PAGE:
Sunday, October 30th was an eventful day. Culturally. Experientially. Physically. Emotionally. My multicultural family celebrated Diwali – The festival of lights after having celebrated Canadian Thanksgiving earlier in the month. Diwali is a Hindu festival celebrating, more secularly, the victory of good over evil. There are religious meanings associated with the celebrations too but I’ll leave that for you to Google if you are really interested in knowing more.
Because the day was so eventful and so meaningful in so many ways, posts related to yesterday will be written in parts. In this part, Part 1, I write about rains and making memories.
The day began dry but soon turned out quite wet, pouring with some much needed rain in my drought threatened state of California. Given TJ’s recent fascination with muddy puddles, this was a perfect time to go get wet in the rain, just because, and enjoy some really muddy puddles. So, Aaron took TJ outside while I started getting busy in the kitchen needing to make some Diwali goodies.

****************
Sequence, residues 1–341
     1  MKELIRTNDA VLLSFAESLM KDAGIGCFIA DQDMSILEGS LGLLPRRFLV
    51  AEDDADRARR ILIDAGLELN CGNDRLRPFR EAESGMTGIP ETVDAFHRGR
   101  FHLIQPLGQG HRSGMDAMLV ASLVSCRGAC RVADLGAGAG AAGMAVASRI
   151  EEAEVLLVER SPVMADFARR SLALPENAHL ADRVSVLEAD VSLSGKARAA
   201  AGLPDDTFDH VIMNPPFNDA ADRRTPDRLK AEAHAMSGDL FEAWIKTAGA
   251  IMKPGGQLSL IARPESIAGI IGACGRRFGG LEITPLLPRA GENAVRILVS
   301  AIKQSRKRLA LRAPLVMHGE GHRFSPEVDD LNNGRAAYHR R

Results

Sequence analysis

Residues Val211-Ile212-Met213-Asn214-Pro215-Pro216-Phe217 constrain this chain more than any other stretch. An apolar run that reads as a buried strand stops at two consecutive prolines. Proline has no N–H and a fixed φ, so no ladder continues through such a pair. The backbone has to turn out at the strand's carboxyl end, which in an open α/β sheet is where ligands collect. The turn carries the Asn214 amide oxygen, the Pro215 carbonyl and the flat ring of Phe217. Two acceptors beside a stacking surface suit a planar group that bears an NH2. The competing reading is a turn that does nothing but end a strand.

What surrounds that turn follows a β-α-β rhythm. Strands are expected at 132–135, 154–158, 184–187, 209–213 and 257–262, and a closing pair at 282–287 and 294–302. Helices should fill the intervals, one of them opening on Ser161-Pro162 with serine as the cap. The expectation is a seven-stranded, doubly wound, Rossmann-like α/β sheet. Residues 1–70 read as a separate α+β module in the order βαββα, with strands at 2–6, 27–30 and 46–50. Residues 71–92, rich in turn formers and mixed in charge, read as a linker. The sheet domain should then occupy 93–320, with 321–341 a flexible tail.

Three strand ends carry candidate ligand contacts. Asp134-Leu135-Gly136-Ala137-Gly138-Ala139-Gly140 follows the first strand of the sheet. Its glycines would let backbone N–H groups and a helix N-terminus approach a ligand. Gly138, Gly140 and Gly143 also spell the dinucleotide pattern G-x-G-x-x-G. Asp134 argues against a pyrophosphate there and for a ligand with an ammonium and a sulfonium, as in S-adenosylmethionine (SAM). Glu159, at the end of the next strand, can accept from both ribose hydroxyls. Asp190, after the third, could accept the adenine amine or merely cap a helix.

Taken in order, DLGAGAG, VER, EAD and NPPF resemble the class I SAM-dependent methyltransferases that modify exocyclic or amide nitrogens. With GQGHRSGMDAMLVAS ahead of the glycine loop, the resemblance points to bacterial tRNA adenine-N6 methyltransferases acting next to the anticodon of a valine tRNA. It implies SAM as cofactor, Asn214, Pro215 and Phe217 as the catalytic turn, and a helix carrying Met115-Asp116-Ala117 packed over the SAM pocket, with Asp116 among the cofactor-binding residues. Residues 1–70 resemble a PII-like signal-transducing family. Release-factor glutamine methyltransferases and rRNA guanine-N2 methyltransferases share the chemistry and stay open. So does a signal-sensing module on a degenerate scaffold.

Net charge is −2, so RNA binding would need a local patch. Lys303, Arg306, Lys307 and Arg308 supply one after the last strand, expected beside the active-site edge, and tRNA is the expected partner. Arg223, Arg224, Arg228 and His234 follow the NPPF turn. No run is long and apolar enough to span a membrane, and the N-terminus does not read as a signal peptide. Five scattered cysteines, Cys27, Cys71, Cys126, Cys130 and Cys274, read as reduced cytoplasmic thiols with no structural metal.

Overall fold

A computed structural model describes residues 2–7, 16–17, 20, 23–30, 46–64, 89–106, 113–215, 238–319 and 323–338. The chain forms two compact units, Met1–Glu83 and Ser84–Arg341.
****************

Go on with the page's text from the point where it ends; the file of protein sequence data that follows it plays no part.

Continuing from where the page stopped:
Minutes before that, I had gone to one of our local Indian stores and bought the last remaining pack of sparklers. That is what I get for waiting till the day of Diwali to buy sparklers. Last year, a 20-month-old TJ had really enjoyed his first experience with sparklers and I couldn’t wait to see how much more he would enjoy them this time. The excitement would have to wait until the evening, however.
As I got busy in the kitchen making Besan Laddoo for the special day, father and son geared up to go outside. TJ loved standing and jumping in the puddles in our little garden.